|Traditional material||Cotton fiber|
Denim is an American shortened form of the French name Serge de Nîmes (" fabric from Nîmes"), which describes a robust cotton / hemp fiber material that was invented in Nimes and used there for the first time for clothing. World famous denim was its use for American jeans by Levi Strauss .
Denim is woven in a twill weave. Traditionally, a warp twill is used for denim in which only the warp thread is dyed with indigo , but the weft threads are undyed. In the past, ring spun yarns were mainly used, but due to the higher production speed, they were temporarily replaced by open-end yarns until, in the 1990s, ring yarns, due to their typical structure, played a major role in the fashionable aspect of modern jeans (cross-hedge optics) and replaced the open-end yarns again. Before weaving , the warp threads are given a color, which means that the yarn is only colored from the surface, but not completely. The threads are dyed either in a rope (rope) or fanned out next to each other (slasher). In doing so, they pass through the dyebath with the reduced soluble vat dye several times, only to be brought into contact with oxygen again and again in the air. Usually this happens five to seven times. The more frequently this process takes place, the deeper the blue coloration. However, the yarn is never completely dyed through, which is why jeans can be washed out so well and lightened by rubbing ( stone wash ).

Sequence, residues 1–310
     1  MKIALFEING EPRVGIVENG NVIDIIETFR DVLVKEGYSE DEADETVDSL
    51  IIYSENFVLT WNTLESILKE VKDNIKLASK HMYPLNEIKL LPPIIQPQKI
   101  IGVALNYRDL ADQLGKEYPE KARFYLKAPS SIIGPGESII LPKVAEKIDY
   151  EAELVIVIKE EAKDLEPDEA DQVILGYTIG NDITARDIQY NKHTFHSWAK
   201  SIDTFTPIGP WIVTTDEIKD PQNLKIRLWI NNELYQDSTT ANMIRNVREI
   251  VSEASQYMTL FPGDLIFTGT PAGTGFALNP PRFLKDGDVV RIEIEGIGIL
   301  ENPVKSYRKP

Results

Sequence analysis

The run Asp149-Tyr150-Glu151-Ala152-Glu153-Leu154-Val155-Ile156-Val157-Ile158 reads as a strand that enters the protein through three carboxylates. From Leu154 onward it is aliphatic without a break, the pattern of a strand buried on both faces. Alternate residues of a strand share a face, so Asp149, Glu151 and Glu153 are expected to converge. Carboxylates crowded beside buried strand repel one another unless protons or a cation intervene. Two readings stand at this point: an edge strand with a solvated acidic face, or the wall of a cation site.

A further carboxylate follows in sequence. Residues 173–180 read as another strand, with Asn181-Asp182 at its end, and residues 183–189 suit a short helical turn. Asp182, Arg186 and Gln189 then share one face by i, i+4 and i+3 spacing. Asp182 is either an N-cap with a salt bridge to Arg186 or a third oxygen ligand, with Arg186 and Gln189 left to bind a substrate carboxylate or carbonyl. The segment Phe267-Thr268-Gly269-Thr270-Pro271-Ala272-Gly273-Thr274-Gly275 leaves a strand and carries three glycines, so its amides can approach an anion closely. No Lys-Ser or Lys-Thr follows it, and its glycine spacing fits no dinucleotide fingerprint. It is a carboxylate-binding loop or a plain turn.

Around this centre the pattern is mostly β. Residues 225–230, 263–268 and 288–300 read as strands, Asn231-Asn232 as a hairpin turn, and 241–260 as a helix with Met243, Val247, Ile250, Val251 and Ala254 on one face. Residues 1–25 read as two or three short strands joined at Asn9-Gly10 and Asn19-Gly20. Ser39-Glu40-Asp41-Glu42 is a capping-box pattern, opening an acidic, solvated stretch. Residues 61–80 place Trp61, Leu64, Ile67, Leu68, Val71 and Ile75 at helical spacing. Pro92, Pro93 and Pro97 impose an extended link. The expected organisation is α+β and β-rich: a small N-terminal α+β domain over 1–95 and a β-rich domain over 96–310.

After long periods of storage, denim articles often show yellowish spots that are lighter than the rest of the garment after washing. This is due to the degradation reaction of indigo to isatin by ozone , nitrous gases or UV radiation .